Superstition and junk science will recommend all sorts of foods to aid in female fertility. Although anecdotal evidence suggests that some of these will work, the best way for to increase your babymaking capabilities is probably to eat healthily. [More]
Scientists probably don’t conduct studies to promote chalupas as passive birth control. Still, young, sexually active men who want to do discourage their sperm from making them fathers may justify eating more fast food due to findings that junk food can lower the quality of sperm. [More]
CNN is reporting that the house that the octuplets mom is living in is currently in default, and the mortgage owner, the grandmother of the octuplets, is $23,225 behind on her mortgage payments.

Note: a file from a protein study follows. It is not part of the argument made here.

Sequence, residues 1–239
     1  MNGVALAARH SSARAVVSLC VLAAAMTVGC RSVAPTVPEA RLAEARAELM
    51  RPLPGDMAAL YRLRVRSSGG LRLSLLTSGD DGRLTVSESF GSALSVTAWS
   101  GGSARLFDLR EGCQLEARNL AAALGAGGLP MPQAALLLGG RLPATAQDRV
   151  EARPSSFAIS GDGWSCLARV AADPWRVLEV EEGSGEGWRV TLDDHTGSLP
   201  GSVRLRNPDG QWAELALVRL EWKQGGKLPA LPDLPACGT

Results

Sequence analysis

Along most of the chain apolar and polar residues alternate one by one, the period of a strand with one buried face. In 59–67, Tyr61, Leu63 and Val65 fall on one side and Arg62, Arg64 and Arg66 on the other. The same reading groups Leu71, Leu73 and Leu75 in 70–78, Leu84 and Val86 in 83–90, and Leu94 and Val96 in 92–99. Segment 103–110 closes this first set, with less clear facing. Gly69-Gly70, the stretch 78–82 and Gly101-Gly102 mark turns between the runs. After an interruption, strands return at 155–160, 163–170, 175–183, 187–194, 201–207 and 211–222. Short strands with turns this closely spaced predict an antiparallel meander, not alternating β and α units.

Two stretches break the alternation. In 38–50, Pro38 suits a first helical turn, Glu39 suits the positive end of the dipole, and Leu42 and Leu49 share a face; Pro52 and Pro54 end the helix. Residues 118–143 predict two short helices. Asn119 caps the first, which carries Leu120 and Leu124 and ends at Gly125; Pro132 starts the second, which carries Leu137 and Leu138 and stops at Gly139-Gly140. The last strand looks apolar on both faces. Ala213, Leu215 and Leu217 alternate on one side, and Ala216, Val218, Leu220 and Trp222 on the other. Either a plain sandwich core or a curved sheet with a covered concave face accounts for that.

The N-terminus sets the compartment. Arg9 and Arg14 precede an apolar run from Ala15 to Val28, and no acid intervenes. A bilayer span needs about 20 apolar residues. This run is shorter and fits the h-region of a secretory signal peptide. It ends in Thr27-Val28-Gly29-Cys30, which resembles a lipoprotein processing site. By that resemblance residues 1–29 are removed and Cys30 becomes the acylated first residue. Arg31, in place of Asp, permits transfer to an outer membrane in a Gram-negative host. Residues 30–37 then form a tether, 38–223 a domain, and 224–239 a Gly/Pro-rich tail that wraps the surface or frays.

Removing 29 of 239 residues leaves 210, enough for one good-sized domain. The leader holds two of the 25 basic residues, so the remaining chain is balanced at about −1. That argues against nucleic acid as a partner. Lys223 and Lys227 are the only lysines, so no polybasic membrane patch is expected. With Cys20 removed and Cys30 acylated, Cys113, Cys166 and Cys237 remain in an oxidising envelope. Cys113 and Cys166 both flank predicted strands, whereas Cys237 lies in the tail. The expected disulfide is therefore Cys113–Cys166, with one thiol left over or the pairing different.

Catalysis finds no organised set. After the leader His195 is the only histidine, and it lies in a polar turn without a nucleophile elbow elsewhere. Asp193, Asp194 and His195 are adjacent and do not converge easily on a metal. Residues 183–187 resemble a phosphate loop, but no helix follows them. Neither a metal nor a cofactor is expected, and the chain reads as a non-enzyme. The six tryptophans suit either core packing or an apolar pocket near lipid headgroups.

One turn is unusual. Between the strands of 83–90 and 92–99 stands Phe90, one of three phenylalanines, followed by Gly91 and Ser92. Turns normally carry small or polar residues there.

Fertility treatment is crazy expensive and there are no guarantees, but a recent NIH-sponsored study “concluded that women who were fast-tracked to IVF [in vitro fertilization] got pregnant three months faster on average, and spent $10,000 less than those who went through the usual preliminaries.” The conclusion: it may not be wise for insurers to require women to run the gauntlet of other treatments before trying IVF.
The end of a strange article about mad cow disease and sperm donors closes with some interesting customer-preferences trivia: “Sperm bank managers have noticed a few trends. Married couples seek donors who resemble the husband so that nonbiological father and child will look roughly alike. Single women, on the other hand, often choose conventionally attractive donors.” [Slate]
And you think you have some nightmarish customer horror stories.